What is most interesting to me is that while it is often clear which horses are at the top of the social ladder (typically the older, more established members of the herd) and which are at the bottom (often the youngest or newest members), it would be very difficult to place those in the middle (the majority of the herd) in a definitive order. I find it common to see these horses changing roles – pushing others around then accepting being pushed around; some days happily sharing their food with another horse and other days chasing them off; playing dominance games with each other that appear to border on aggressive, then happily dozing side by side. Understanding the complexities of these relationships is important, because it proves that being a ‘leader’ or the ‘dominant’ partner doesn’t have to be static. One horse having 100% dominance over another at all times is something I rarely see in an established herd.
Do you really want to be the ‘boss’?
Many trainers seem hyper-focused on the idea of being the ‘leader’, the ‘boss’, or the ‘dominant one’ over their horse. If I’m to believe everything I’ve read, there is a lot that goes into being the leader. My horse is supposed to obey my instructions at all time; lead politely without ever passing me; be respectful by never kicking, biting, pushing into me, etc; never spook at anything or be scared; stand perfectly still for mounting; move their feet immediately when asked; place their feet wherever I ask; trust my decision making at all times; follow me on a loose lead rope or at liberty; be perfectly responsive to my aids; never buck, rear or bolt; and the list goes on. And of course, if my horse ever puts a foot wrong, it is likely because he hasn’t truly accepted me as being ‘dominant’.
I have a big problem with this kind of training philosophy. Not because I don’t want a horse that does most of these things, but because it discounts the fact that the horse is a living, thinking being. Demanding 100% obedience from my horse means expecting my horse to become a robot and I don’t want that. I want my horse to feel free to express themselves, to feel free to disagree or show their discomfort, and to have an opinion on what they like and don’t like. I want my horse to feel like I listen to his opinion, to challenge me when I’m wrong, and to take an active role in our partnership. But also, in order to feel safe riding and handling my horses, I need to know that I will always be able to control them.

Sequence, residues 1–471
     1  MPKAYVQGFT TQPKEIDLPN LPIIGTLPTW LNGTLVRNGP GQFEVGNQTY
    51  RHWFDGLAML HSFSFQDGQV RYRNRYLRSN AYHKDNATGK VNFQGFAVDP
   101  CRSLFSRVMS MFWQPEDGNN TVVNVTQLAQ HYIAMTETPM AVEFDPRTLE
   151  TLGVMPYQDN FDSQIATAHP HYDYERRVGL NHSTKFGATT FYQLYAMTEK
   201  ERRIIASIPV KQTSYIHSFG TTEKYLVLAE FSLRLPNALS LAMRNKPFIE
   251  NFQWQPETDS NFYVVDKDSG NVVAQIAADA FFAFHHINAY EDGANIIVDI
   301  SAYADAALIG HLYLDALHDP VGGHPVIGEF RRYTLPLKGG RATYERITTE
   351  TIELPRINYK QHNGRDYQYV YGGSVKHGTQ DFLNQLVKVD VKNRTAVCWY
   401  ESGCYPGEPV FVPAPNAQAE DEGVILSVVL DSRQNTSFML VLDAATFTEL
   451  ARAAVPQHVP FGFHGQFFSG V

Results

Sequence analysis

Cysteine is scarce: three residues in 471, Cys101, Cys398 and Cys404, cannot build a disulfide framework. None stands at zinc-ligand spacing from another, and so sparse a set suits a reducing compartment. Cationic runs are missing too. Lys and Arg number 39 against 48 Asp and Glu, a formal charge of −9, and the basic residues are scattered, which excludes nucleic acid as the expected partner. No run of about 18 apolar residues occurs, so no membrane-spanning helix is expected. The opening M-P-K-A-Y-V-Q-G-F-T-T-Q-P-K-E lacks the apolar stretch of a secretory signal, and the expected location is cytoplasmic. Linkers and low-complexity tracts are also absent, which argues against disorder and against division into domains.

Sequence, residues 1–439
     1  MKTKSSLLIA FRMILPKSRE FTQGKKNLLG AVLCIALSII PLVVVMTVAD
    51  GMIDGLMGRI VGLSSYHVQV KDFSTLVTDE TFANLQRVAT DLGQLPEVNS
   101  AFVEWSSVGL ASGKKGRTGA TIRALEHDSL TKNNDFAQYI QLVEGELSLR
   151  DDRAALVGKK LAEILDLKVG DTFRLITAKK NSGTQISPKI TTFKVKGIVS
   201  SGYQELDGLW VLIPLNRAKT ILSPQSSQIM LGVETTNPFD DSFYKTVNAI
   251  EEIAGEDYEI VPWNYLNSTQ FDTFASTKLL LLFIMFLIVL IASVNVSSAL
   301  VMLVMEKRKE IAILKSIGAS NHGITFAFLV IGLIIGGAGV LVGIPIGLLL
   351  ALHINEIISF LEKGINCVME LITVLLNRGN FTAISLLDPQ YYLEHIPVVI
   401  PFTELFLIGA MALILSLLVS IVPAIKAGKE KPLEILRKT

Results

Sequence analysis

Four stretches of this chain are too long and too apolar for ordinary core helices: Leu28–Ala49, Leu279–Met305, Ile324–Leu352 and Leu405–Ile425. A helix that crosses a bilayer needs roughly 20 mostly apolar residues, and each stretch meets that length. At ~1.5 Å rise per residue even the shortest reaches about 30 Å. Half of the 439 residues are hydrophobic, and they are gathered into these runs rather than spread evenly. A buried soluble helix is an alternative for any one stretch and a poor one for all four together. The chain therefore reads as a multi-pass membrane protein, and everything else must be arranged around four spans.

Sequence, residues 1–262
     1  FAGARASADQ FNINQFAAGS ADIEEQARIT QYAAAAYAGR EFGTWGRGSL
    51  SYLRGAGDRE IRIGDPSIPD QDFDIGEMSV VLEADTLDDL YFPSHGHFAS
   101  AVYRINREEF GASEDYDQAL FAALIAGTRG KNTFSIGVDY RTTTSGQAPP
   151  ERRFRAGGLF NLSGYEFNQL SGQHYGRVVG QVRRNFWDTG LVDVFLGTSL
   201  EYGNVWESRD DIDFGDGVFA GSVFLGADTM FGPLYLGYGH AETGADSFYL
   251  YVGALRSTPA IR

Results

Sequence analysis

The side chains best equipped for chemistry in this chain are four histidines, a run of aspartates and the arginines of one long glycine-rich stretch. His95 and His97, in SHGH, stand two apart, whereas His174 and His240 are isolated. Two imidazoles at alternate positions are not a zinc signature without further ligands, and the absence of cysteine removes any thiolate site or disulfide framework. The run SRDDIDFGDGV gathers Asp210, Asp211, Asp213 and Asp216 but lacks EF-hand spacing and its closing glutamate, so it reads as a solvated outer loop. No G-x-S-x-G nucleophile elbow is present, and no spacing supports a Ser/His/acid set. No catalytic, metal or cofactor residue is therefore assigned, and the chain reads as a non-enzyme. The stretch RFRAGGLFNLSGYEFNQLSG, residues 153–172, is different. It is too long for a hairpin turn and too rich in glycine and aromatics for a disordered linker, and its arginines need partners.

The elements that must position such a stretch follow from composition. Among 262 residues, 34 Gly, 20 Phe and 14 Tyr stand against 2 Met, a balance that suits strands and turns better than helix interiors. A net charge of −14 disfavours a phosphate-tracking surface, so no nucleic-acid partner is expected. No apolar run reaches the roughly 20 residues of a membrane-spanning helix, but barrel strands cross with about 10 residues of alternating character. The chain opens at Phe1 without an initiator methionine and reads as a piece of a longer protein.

This brings me back to watching how horses interact with each other. I find that the closer that the relationship appears between two horses, the more the lines of dominance appeared to be blurred. Situations where the dominant partner is clear, often lack connection or closeness. For example, a youngster will quickly learn to give space and respect to the lead mare, but similarly will rarely be seen relaxing in her company, playing with, or even interacting with her at all. If all you want is ‘respect’ from your horse, maybe taking on the ‘alpha’ role is the way forward (and yes, I do believe this can be done by being firm but fair, without the use for violence). But if, like me, you want to build a partnership with your horse, you need to be much more subtle in your quest for leadership.
So does dominance have a role in good horsemanship? I believe it can, but only if we redefine our definition of what it means to be ‘dominant’. I do think there needs to be boundaries set and I do think that there should be a consequence for ‘bad’ or incorrect behaviour (note: ‘consequence’ shouldn’t have to mean ‘punishment’), but I also think we need to be reasonable in our expectations (just because my horse trusts me, doesn’t mean he should blindly follow me anywhere, for example). Most importantly, I think we need to remember that dominance is just one small part of building a relationship with our horse and taking a dominant role at all times leaves no real basis for building a partnership.
Photo courtesy of James Marvin Phelps via Flickr.